Discovering West Common


Today nothing exists of the West Common and you would be forgiven for thinking the area completely lacks historical interest.  Less than two hundred years ago the unfenced common extended from Sunte Avenue down to the stream that runs close to Blackthorns and from Hickmans Lane south to Summerhill Lane and then east along Scrase Stream.  the southern part belonged to the Manor of Ditchling with the remainder by South Malling Lindfield and Framfield Manors.  The land is mainly flat and in parts sloping with good well drained soil.  In early medieval times, could this land have been the ‘west field’ of the Lindfield cultivated in strips by villagers in the open field system?  Perhaps we will never know.

What we do know is that in the 1820s the land was largely unenclosed and contained only a few dwellings.  In the north western corner, at the junction called Pickesgreen Cross, was a small old farmstead dating from at least 1600, part of Framfield Manor, called Wigsel’s Watering, that extended into the area now Oakfield Close. This was replaced by the Bricklayers Arms, now the Witch Inn.  In the 1870s the Bricklayers became a popular venue for ‘bean feasts’; annual works outings travelling by train from as far afield as London and Brighton.

following the arrival of the railway, the road running along the western edge was made up and named Station Road [Sunte Avenue] as it was the most direct route from Lindfield to the station.  The first housing built was Albert Cottages, typical small Victorian houses with shared wells and privies at the bottom of the garden.

Towards the southern end, near Oakbank, stood two cottages known as Golden Nob.  the 1851 Census listed four families, the Beard, Bish, Gorrange and Miles families, totalling 19 men, women and children living in the cottages.  All the adult men were agricultural labourers. the Gold Nob cottages were demolished around 1860, when Summer Hill was built by Charles Catt of the Bishopstone Tide Mills.  The Catt family lived in the house for many years and farmed nearby land.  From the late 1940s it became a school.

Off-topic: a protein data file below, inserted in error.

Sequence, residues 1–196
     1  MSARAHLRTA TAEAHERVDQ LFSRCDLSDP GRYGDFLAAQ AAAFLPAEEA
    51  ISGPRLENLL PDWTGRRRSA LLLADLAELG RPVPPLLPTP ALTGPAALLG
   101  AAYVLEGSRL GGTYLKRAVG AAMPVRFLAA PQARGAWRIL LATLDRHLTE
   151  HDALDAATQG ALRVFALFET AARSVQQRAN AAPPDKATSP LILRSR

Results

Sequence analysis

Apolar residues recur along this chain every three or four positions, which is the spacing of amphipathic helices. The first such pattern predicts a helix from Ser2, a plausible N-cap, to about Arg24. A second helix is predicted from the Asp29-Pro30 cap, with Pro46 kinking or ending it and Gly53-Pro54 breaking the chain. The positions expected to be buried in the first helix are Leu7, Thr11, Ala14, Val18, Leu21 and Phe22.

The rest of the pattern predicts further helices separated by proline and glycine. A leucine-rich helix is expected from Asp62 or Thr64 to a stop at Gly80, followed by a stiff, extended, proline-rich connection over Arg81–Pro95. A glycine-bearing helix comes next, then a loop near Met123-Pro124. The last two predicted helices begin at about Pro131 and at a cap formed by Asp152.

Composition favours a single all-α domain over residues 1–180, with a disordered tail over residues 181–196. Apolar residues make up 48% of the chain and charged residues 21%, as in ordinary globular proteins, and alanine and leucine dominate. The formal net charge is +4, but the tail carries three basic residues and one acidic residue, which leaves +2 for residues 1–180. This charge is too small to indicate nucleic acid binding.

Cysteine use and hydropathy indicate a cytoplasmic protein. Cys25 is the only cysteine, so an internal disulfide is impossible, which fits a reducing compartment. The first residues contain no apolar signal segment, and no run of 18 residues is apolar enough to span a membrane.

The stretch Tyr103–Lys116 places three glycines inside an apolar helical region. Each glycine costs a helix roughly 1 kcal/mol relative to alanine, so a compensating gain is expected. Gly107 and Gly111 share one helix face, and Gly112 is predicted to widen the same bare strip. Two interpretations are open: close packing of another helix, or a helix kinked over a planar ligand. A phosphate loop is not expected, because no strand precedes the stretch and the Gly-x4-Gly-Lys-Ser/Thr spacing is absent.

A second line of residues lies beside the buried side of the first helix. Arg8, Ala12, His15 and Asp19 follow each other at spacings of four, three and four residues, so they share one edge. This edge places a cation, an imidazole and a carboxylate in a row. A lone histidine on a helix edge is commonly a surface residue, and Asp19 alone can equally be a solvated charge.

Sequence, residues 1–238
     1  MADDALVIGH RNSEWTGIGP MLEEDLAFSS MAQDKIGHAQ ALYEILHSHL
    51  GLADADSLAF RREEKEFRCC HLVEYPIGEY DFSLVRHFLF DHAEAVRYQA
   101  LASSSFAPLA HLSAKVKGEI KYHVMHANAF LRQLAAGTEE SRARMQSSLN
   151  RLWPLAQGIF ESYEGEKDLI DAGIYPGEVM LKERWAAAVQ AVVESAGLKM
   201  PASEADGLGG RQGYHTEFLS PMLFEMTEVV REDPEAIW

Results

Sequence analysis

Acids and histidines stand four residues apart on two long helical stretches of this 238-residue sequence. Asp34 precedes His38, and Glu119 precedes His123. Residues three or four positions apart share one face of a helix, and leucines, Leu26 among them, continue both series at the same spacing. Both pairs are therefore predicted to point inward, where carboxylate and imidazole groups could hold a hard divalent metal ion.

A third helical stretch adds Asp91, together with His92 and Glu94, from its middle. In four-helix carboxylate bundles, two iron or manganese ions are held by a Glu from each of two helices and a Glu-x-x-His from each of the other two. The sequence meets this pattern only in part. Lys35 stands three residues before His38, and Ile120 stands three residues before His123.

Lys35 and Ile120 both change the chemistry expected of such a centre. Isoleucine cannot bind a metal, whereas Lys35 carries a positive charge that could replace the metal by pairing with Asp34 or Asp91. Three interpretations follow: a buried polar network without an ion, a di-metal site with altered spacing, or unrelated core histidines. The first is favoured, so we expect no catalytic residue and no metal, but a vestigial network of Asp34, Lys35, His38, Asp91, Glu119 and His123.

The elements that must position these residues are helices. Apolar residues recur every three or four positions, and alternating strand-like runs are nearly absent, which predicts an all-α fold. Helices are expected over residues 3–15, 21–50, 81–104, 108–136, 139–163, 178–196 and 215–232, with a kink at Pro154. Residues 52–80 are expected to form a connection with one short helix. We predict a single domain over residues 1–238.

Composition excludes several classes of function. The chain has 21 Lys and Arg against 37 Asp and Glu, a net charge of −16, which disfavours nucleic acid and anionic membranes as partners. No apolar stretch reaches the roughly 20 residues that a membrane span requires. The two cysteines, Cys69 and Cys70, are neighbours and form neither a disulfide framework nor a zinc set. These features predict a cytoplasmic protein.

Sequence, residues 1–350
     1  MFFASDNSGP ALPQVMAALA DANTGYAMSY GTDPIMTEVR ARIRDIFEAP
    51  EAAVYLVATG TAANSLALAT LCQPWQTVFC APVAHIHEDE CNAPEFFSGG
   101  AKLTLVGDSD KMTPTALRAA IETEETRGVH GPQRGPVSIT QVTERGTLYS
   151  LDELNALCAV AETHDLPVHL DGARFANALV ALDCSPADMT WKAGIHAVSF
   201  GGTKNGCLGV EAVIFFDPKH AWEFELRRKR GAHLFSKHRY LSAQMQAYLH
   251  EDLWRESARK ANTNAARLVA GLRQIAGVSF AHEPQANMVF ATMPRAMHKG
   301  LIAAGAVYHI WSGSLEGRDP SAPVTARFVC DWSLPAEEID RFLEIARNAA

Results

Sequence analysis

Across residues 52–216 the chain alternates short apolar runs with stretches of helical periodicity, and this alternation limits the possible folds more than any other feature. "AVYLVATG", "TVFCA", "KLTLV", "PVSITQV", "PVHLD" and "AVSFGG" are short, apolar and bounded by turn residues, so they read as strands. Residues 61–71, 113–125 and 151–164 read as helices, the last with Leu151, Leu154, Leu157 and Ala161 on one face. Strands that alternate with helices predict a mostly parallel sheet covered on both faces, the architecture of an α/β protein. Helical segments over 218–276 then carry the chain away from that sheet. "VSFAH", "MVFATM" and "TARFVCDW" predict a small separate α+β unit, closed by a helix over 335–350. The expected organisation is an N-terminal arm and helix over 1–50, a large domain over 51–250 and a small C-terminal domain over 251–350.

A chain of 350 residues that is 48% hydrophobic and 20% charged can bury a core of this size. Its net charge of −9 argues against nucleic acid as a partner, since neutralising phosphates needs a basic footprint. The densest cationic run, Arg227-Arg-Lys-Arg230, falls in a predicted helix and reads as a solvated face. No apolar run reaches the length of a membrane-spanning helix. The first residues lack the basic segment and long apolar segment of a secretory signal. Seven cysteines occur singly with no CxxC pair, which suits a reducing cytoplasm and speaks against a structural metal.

In 1835 three acres of unenclosed land held by the Manor of South Malling Lindfield was sold for £56 5s. of to John Elliott, a Lindfield blacksmith.  John Elliott operated the forge in the middle of the High Street [mentioned in last month’s article] and built the forge at Spongs in Brushes Lane.  Perhaps with an eye for a quick profit, John Elliott sold the land to Edward Humphreys in October 1838 for £153.  In today’s terms this is the land of Chestnut close across to the west side of Summerhilll Drive and north to Hickmans Lane.

For a couple of years Humphreys rented the newly enclosed land to James Harding of burnt House Farm, before taking back the land on which he built a house in 1844.  the Poor Rate Valuations in the late 1840s record this house as Westfield Lodge, owned and occupied by Edward Humphreys; no connection with the baker of that name.  It was approached by a long diagonal drive, and when Summer Hill was constructed the drive was extended to this house and entrance lodges built.

By the mid 1850s Humphreys was living at Pear Tree House [junction of High Street and Lewes Road], another fine house he built along with St Annes. Westfield Lodge was rented to tenants before being acquired by William Copeland in c1870 when the property was renamed The Chestnuts.

The Mid Sussex Times in May 1877 carried an advertisement for the letting ‘unfurnished, a well-built detached villa residence, most pleasantly situated, approached by a carriage drive from the high road, and within 15 minutes walk of Haywards Heath Station, and known as The Chestnuts.  There is a large drawing room and dining room, two other sitting rooms, six bedrooms, and a dressing room, kitchen, scullery, cellars etc., also a capital garden with greenhouse and vinery’.  Even in those days easy access to the station was a desirable feature and evidence of Lindfield becoming attractive to commuters.